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On the Environment

Tuesday, March 06, 2012
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Man U Scores One for Sustainability, but We Should be Changing the Playing Field

By Guest Author, Ysella Yoder, Program Manager, Yale Center for Environmental Law & Policy

Premier soccer team, Manchester United, just became the first English soccer club to achieve the international Environmental Management System standard, ISO14001 – saving themselves £500,000 (or $792,000) over the last few years in the process.

The ISO14004 provides a “framework for a holistic, strategic approach to the organization's environmental policy, plans and actions.” In order to achieve this standard, Manchester United implemented a range of sustainability measures including plucking the low-hanging fruit: improving efficiency in lighting, heating and cooling, and encouraging fans to use public transport to and from matches.

This type of low-hanging fruit is the easiest, quickest, and most cost-effective route to realizing cost savings while greening your business. In the Green to Gold Business Playbook, Dan Esty and P.J. Simmons highlight the importance of going after the low-hanging fruit first for quick payback by:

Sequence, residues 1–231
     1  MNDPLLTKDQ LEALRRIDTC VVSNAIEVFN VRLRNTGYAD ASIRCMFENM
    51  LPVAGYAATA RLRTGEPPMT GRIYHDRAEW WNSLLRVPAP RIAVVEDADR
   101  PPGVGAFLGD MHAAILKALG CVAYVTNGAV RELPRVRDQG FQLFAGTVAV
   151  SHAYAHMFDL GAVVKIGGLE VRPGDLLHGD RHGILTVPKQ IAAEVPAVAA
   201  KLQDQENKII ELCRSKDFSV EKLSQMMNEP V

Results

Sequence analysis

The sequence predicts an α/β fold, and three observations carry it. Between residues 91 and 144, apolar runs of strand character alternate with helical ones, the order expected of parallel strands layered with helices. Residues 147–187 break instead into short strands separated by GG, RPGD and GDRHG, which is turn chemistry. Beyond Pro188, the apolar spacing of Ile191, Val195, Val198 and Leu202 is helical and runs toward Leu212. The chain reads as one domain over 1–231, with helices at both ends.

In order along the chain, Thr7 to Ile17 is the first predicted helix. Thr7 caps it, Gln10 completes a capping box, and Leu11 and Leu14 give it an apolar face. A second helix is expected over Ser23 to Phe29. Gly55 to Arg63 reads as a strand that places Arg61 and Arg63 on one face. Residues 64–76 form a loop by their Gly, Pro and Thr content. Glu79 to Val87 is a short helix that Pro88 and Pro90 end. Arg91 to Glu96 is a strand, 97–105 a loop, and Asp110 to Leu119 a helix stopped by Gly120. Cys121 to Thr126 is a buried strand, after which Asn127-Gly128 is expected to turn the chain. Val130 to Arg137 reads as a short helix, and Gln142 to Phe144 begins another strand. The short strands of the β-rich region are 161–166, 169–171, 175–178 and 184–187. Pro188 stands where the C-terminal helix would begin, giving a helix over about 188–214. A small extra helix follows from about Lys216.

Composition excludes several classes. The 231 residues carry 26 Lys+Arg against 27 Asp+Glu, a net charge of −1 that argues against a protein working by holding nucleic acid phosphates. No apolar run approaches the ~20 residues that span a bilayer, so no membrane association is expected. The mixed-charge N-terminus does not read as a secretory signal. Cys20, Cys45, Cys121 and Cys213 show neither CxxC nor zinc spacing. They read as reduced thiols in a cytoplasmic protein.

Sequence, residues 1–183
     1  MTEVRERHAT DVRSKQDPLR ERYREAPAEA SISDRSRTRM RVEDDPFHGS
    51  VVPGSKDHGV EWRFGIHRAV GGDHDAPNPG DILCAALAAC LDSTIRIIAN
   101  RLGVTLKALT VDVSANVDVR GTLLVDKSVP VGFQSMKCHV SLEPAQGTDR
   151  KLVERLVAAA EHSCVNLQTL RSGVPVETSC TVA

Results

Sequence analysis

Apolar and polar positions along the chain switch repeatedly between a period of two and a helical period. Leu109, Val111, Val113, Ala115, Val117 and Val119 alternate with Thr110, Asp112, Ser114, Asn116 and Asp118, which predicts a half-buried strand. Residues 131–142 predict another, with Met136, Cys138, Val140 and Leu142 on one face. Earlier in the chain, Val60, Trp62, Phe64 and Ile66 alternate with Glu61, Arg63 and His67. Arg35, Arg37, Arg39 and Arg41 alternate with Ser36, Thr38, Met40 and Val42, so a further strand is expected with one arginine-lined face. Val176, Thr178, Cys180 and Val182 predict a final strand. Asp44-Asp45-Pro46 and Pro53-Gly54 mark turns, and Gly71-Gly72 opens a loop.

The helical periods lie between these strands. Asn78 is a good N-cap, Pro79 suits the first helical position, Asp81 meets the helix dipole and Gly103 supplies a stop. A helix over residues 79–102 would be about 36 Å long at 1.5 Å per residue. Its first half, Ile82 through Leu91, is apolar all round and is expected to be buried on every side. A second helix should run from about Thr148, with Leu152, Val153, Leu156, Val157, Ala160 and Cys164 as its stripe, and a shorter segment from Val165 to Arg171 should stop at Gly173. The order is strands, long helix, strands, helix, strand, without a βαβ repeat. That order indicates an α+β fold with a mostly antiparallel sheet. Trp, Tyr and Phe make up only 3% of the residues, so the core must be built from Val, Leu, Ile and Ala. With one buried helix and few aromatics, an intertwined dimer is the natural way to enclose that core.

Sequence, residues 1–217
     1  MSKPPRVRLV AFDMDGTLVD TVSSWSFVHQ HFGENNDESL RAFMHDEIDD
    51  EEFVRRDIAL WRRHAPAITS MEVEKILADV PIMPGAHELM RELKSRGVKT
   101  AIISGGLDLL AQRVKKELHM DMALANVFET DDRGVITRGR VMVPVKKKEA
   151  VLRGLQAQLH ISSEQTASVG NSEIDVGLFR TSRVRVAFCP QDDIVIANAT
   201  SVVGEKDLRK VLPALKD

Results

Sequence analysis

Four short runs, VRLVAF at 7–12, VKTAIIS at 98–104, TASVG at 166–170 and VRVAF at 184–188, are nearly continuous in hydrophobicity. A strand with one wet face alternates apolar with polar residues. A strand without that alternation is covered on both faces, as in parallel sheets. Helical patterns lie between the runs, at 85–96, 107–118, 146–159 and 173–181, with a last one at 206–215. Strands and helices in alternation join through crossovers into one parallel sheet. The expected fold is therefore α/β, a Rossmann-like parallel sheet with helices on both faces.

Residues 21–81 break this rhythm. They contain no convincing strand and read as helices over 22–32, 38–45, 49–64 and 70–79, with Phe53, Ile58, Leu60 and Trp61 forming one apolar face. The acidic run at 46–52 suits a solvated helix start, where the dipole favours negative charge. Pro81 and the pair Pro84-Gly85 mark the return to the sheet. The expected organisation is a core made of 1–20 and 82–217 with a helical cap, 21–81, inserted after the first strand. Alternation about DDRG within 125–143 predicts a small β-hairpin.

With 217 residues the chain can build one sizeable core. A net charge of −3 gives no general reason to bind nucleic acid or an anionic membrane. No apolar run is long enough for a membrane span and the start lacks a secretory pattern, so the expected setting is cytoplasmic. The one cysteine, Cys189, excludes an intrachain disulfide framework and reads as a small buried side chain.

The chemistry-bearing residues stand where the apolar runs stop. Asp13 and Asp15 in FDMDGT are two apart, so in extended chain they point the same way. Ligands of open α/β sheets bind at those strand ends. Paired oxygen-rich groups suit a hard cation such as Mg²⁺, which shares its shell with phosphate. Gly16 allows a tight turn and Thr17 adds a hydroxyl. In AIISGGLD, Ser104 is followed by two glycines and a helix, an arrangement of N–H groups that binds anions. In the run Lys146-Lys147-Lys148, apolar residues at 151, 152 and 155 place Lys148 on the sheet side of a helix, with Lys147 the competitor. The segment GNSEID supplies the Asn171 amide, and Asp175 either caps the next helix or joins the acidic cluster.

·      Investing in energy efficiency;

·      Reducing major environmental risks;

·      Launching a pilot project or two; and

·      Finding ways to engage employees.

Dell expects to save about $5.8 million a year as a result of increasing energy efficiency measures. And Walmart sought out cost-saving ideas from their employees. One employee suggestion to turn off the back-light break room vending machines led to a cost savings of $1 million per year.[1] Employee engagement is key. Often it’s the middle managers who are the ones tasked with improving efficiencies and, without buy-in from key people in the company, success is limited.

The Playbook lists countless examples of these return on investment success stories and provides tools to help companies achieve their broader sustainability goals. But achieving these gains is not easy and cannot be done through a one-size-fits-all approach. Each business’s needs are unique and time will need to be invested in assessing where the greatest gains can be achieved. For Manchester United, one of the biggest paybacks may have been lighting, but, for Google, most gains might be seen in more efficient heating and cooling of data centers.

It’s important to note that companies large and small, for-profit or not-for-profit, can all benefit from incorporating sustainability measures into their business practices and achieve real cost savings, decrease impact on the environment, build brand value, cultivate loyal customers, and ultimately score one for the home team.



[1]
NEEF, The Engaged Organization: Corporate Employee Environmental Education Survey and Case Study Findings, March 2009, p.32.

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